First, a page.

How do you plan to end the year for your team? What do you have in mind to mark the end of 2010? Here are some tips for doing it right.
It's November. The chill is in the air. Thanksgiving is around the corner, soon to be followed by Christmas. Essentially the year is over, but we're really just in the final lap.
It's around this time that I usually get my first call from Bernie Plagman, the Chairman of the Techpar Group -- a great friend, mentor, and former partner. Bernie's calls to give me a heads-up on the holiday party and industry get-together he sponsors, which is now in its tenth year. The reason I bring up Bernie's call is that it's a potent reminder of the importance of marking the passage of time with professional friends.
Now if you're reading this column, it's likely that you are an IT leader with a staff who report to you. So here's my question and the central point of this post: How do you plan to end the year for your team? What do you have in mind to mark the end of 2010? How do you plan to close the book on this year and set the foundation in place for next year?
I'm writing about this because I don't think it is a trivial topic. My personal experience with this matter has run the gamut from incredibly powerful and motivating to downright boring and lackluster. (Unfortunately, the latter descriptions tend to be the rule not the exception). And I believe that as IT leaders we owe it to ourselves and our people to end the year right.
It's not just a party
So what do I mean by ending the year "right"? Well, at the core, I mean to say that you shouldn't just let the year peter out and end with a bunch of semi-vacation time. A year is coming to an end. Mark it. Celebrate it. Make it memorable. Let your people know that you noticed what took place in their professional lives over the last 12 months and that you actually care.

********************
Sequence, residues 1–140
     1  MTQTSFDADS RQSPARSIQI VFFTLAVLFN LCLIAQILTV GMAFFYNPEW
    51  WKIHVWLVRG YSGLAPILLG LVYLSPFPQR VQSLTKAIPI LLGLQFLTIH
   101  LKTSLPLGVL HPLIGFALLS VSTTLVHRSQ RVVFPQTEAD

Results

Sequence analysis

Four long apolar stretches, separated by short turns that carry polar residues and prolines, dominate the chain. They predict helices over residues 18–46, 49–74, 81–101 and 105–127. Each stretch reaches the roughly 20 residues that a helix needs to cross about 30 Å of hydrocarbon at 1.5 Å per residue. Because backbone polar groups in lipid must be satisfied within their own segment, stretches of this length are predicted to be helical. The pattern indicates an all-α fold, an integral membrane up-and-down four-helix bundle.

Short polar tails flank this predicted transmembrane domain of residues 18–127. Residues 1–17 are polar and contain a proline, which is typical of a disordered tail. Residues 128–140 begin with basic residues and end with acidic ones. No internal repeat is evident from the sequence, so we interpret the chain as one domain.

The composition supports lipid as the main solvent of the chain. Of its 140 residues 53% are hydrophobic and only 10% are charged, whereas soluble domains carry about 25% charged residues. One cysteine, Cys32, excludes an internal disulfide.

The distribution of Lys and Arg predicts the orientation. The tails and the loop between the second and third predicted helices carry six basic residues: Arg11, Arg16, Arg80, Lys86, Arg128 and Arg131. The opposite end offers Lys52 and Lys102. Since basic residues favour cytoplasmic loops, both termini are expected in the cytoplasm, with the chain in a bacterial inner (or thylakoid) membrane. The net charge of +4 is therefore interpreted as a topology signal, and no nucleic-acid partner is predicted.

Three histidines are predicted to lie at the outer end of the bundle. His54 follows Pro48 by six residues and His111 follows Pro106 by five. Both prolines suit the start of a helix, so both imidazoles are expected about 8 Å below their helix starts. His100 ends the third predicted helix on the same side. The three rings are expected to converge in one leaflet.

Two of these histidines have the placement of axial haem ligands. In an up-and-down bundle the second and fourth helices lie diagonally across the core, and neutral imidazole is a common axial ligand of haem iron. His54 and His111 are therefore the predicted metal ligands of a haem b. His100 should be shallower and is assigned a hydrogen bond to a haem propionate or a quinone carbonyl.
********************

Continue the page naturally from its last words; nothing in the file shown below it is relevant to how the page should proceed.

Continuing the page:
What I am talking about is more than a holiday party. That's nice to have, but it's not a marker with any professional significance. It's a "gimme," one of those things that everybody does and that managers tend to think is more valuable to their staff than it truly is.
So how do you stand out? How do you mark the end of the year in such a way that it has impact with your team? My experience has taught me that there are three elements to a successful end-of-year marking, they are:
Commemoration is about recognizing your people and their accomplishments over the last year PUBLICLY. You may have said thank-you a dozen times in your one-on-one meetings, but doing it publicly in front of peers is a lot more powerful and meaningful.
The simple way to do this is to make up a number of award categories. A few of my favorites include:
- Leadership distinction award (chosen by you or the leadership team)
- Peer distinction award (chosen by the person's peers)
- Customer distinction award (chosen by your customers)
- Problem-solving award
Have a nice certificate printed up and framed. And along with the distinction, give the honoree a check or an American Express gift certificate. It doesn't have to be a lot of money, but it needs to be something more than just a piece of paper.
The possible list of awards is endless, so be creative. Just be careful not to give everyone an award. For an award to be meaningful, it has to be something special that not everyone receives.